Feature Listing: 2002 Volkswagen GTI 337 Edition

Feature Listing: 2002 Volkswagen GTI 337 Edition

As I talked about in the recent post about the 20th Anniversary Edition GTI, the 2002 ‘337’ was the GTI to get when they launched. The moniker derived from the original project code – EA337 – for the first generation GTI, and effectively the 2002 337 was a carbon copy of the 25th Anniversary model that was a Europe-only special from 2001. Hunkered down with the 1BE sport suspension, the 337 wore 18″ specially painted BBS RC wheels with low profile 225-section tires. Red calipers grabbed 12.4″ front vented discs and 10″ in the rear, also with veining. Powering the 337 was a 1.8 liter, 20V turbocharged motor, good for 180 horsepower, mounted to a new MQ350 6-speed manual gearbox. Underneath was a stainless steel exhaust system tuned to emit a bit more noise than a standard model. Inside the GTI got Recaro “Le Mans” red and black cloth seats, a special golf ball shift knob, aluminum interior accents and Monsoon radio system. Finally, a unique Votex body kit and retro badging helped to distinguish this model as the one to get for 1,500 lucky U.S. customers:

CLICK FOR DETAILS: 2002 Volkswagen GTI Edition 337 on Autotrader

2003 Volkswagen Passat W8 4Motion Variant 6-speed

2003 Volkswagen Passat W8 4Motion Variant 6-speed

I always get a bit of a chuckle at the keyboard warriors who love to denigrate manufacturers for not offering the full European catalog to U.S. customers. Really, you’d buy a RS6 Avant if it was offered here? You and what bank account, Mr. Sittinginhisrentedapartmentstealinginternetfromtheneighbors? Manufacturers need to live in the real world, and in the real world of the United States, while there is in fact a market who would purchase top-tier cars like the RS6 Avant, the reality is that the vocal majority of enthusiasts barking about how they’d snap them up like hotcakes would – at best – be hoping to buy a lightly used one downstream. At worst, these super wagons would only become affordable after ten years, at which point their complicated systems would render ownership prohibitively expensive for most. So, they kick tires, simultaneously ruing that such options aren’t available to them while secret thankful that they don’t have to put their money where their mouths are. We don’t have to look back far to find why this market departed the U.S., because when we were afforded the option to buy these cars, we found them unaffordable. Witness the very expensive W8 4Motion Variant 6-speed:

CLICK FOR DETAILS: 2003 Volkswagen Passat W8 4Motion Variant on eBay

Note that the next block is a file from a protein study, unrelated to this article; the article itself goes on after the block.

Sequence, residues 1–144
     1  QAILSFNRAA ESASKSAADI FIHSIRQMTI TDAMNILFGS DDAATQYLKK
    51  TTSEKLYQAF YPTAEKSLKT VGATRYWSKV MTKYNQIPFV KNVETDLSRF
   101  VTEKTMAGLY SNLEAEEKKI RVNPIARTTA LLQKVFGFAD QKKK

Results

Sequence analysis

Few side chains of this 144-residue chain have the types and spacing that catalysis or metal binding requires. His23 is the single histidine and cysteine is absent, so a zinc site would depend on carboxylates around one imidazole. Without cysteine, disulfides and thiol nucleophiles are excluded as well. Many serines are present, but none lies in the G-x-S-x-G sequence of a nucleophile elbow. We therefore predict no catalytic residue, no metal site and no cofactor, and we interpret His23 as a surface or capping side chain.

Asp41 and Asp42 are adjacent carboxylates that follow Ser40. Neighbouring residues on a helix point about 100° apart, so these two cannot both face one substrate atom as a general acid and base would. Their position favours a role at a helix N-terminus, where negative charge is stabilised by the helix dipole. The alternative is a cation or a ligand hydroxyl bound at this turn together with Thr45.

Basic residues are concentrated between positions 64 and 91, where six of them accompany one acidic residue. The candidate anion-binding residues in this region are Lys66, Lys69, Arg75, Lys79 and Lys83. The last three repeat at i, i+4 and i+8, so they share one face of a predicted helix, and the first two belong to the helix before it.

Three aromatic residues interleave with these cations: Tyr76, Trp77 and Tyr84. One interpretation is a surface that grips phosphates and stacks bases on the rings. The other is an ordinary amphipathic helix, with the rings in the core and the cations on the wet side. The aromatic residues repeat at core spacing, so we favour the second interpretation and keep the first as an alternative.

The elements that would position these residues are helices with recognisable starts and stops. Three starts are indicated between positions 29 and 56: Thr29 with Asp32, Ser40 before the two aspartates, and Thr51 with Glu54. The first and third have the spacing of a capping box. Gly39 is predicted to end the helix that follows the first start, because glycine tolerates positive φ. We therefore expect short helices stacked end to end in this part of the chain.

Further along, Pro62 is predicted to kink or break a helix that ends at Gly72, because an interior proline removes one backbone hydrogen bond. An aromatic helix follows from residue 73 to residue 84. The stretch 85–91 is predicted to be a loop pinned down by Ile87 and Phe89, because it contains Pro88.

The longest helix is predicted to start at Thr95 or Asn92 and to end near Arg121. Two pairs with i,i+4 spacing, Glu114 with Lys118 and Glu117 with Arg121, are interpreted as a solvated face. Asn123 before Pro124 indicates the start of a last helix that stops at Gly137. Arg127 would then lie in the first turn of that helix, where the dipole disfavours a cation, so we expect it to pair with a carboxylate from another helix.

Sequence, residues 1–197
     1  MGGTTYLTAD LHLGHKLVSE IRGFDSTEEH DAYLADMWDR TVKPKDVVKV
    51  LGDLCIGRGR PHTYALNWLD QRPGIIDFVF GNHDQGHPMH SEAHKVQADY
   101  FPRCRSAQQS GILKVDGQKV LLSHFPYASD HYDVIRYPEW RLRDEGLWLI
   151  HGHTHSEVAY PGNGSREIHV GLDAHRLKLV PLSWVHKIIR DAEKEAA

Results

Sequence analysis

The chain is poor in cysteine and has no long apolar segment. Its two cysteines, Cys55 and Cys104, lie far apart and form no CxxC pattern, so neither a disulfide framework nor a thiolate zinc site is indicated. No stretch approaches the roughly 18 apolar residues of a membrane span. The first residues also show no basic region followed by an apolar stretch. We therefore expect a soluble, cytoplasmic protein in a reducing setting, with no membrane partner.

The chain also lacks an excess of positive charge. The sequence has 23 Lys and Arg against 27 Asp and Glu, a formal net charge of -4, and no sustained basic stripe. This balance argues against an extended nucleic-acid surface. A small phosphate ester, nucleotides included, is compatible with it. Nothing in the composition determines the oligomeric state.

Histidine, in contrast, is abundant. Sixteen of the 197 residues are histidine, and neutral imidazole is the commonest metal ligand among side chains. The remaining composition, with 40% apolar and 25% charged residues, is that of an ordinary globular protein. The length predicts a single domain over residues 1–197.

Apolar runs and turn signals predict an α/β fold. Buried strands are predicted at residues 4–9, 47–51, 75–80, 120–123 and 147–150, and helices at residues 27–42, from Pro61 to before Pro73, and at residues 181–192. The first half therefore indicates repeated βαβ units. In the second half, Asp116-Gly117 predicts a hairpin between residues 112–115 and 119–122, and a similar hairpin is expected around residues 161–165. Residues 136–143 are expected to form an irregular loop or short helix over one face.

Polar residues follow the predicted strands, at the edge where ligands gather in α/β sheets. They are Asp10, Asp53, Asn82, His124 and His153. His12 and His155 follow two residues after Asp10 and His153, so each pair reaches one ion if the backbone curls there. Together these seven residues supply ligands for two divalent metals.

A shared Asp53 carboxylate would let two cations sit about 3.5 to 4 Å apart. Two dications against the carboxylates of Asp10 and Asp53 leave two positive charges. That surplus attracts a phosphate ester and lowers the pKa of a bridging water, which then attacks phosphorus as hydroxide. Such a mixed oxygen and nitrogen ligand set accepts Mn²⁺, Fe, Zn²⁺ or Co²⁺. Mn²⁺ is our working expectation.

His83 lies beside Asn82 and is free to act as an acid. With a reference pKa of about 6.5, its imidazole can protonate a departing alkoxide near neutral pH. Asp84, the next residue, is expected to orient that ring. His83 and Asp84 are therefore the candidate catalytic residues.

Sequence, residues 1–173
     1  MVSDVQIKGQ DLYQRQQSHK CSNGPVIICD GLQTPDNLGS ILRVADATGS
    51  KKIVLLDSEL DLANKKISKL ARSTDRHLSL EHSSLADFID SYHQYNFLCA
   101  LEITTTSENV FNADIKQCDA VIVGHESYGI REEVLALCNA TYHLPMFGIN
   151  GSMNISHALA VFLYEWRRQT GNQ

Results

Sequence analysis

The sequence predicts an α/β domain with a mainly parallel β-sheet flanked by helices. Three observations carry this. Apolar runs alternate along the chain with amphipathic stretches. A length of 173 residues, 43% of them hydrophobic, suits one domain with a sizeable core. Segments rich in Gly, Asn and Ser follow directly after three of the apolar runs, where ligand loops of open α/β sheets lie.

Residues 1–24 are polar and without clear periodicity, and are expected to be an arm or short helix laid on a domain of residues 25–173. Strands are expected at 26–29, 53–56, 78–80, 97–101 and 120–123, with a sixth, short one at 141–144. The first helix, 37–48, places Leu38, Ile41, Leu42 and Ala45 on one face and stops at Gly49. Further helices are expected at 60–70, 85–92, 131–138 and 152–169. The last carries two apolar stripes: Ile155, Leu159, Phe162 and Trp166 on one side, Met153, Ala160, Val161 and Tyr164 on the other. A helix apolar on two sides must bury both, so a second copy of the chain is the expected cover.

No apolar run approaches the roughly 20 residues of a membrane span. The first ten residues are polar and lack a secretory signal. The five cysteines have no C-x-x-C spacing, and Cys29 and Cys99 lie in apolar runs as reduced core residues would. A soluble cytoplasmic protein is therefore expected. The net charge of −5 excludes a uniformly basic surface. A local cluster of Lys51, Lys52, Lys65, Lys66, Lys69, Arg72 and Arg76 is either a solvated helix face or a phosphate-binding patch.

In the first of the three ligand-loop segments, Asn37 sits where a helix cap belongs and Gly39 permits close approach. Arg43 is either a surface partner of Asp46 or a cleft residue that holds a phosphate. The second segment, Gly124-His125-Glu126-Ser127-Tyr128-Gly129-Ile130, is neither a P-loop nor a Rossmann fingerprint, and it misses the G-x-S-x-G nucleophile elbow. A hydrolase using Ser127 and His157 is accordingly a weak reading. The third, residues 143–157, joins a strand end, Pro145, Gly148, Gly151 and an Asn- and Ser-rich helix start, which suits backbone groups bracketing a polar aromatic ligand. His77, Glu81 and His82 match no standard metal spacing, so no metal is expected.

2008 Volkswagen Passat 3.6 4Motion Variant

2008 Volkswagen Passat 3.6 4Motion Variant

When it comes to sporty wagons in the mid 2000s, your only options were really Audis and BMWs, right? Well, wrong – because Volkswagen dropped one pretty hot sleeper on our shores before elimination of the Passat wagon from the lineup. Granted, Volkswagen’s hottest entrant into the sport wagon market – the R36 – wouldn’t come here, but the normal 3.6 4Motion was darn close. With 280 horsepower on tap from the enlarged narrow-angle VR6 channeled through all four wheels, the unassuming Passat was the second most powerful wagon offered on these shores from VAG. Unless you spent another 50% to opt for the Audi S4 V8, this was as quick as U.S. bound German wagons got. Unlike the B5/5.5, the B6 chassis returned to the Golf-based platform, which was both a blessing and a curse. From a performance standpoint the change was a good one, as many of the items intended for the R32 model worked on the Passat now. However, the change to transverse engine placement from the inline Audi setup in the B5/5.5 meant that the “true” quattro drivetrain in the earlier 4Motions was replaced by the Haldex setup found in the R32 and Audi TT. Is this the end of the world? No, not really, and in fact because of this change you can opt to alter the power distribution with aftermarket control units. These 3.6 models were expensive and fully loaded, so they’re somewhat infrequently seen and generally unknown and unappreciated even in the German-specific realm:

CLICK FOR DETAILS: 19 on eBay

2003 Volkswagen Passat W8 4Motion Variant 6-speed – REVISIT

2003 Volkswagen Passat W8 4Motion Variant 6-speed – REVISIT

The rare to find 6-speed Variant version of the B5.5 chassis Passat W8 that we looked at last month is back up for sale. The seller has dropped the “Buy It Now” price by $1,000 to $8,995 – more in line with top-of-the-market B5.5 Passats like the TDi Variants and low mile examples. While it’s possible to get more performance out of the Audi 6-speed Avants of either B5 or B6 generation for around the same money, this is one pretty neat sleeper if you’re willing to put up with the maintenance factor of the unique engine.

CLICK FOR DETAILS: 2008 Volkswagen Passat W8 4Motion Variant 6-speed on eBay

10K Friday: 2008 Volkswagen GTi

10K Friday: 2008 Volkswagen GTi